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Dell Optiplex SX260 Computer Won't Boot Up

Discussion in 'Electronic Repair' started by [email protected], Feb 14, 2013.

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  1. Guest


    I have a Dell Optiplex SX260 small desktop type computer that won't
    boot up. When I press the power button, there is no display on monitor, no
    HDD spin up noise. The only "life" I see/hear is the power light comes on and
    the fans run. I tried a bootable CD, but the CD drive doesn't "run".

    Note: I protected against static damage using a ground strap to my body.

    I checked all the on board fuses (all good), solder joints, and power
    supply output voltages with a load. The CMOS (RTC) battery is good.
    I even removed and reinstalled the CPU.

    Did anyone have the same problem with this model computer?

    Thank You in advance, John
  2. Ron

    Ron Guest

    I think that instead of thinking about this as a Dell computer problem, you might look at the problem as what would cause *any* desktop to not boot. It's been a long while since I've knocked together desktop computers, but when one didn't boot it was because of simple things like conflicting cards,or even a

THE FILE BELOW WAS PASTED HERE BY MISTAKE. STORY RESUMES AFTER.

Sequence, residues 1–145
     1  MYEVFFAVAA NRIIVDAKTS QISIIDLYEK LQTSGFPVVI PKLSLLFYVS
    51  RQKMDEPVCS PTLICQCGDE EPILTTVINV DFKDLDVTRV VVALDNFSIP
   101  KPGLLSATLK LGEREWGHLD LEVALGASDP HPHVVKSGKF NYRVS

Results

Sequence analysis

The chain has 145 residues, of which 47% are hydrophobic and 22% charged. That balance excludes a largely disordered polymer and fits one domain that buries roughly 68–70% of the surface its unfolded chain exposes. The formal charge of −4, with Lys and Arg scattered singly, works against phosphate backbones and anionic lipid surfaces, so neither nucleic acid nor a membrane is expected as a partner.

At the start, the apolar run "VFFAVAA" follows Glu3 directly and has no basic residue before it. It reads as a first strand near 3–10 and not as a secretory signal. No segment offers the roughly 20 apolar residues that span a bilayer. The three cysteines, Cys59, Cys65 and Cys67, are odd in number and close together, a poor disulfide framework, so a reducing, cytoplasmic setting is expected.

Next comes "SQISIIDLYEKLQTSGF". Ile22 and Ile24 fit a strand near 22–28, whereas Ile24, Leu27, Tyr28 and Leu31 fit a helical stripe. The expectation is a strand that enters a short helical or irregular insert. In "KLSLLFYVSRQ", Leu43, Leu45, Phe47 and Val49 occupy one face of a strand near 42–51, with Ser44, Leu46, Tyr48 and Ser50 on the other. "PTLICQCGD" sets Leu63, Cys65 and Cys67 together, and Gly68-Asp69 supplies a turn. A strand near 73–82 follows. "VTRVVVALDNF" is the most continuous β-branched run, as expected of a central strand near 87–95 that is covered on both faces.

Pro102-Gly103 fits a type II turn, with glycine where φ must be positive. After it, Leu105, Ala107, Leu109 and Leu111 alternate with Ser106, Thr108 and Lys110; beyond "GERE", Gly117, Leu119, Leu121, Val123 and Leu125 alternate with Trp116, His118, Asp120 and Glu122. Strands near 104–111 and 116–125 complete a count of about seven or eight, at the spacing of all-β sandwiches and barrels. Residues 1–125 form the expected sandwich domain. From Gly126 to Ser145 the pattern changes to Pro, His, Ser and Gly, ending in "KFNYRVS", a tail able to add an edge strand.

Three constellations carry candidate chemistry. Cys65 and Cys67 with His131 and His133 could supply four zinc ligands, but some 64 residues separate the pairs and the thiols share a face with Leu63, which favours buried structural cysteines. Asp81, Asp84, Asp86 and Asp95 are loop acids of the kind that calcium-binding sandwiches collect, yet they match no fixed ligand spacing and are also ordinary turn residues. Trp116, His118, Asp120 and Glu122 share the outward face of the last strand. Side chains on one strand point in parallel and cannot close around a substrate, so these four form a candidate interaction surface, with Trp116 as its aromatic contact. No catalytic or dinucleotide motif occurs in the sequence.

keyboard problem. Checkout this

    for some really good troubleshooting tips.

  3. Guest

    Many Dell Pentium 4 motherboards contain bad Nichicon brand capacitors because Nichicon goofed up the production of models HM(M) and HN(M) from about 2002-2004. The date codes are in the form LYYMM, where L is a letter, YY = last 2 digits of the year, and MM = week of the year. So H0324 meansthe year 2003, week #24. 4-5 of those capacitors are 1500uF, 6.3V, 10mm diameter and located around the DIMM sockets and AGP socket. Behind the CPUare about ten 1800uF, 6.3V, 8mm caps and another 3-4 1800uF, 16V, 10mm caps on the other side of the MOSFET heatsink. Those may be Rubycon brand (big "K" stamped in the tops) model MBZ or MCZ instead of Nichicon (big "+" stamped into tops). The Rubycons were never defective, but says the Pentium4 was so power hungry that even those caps can go bad in 5 years. Most caps in motherboards can't be tested with an ESR meter except by unsoldering them because so many are in parallel.

    Some people replace conventional wet electrolytic caps with dry solid polymer caps, which are more durable in heat. Here's some information about doing that: not only has a great deal of information but also sells high quality caps.

    Be careful about counterfeit caps. DealExtreme has sold them, some being pretty obvious fakes (Teapo brans substituted from Sanyo or Nichicon), and apparently only one Ebay dealer sells only genuine caps:
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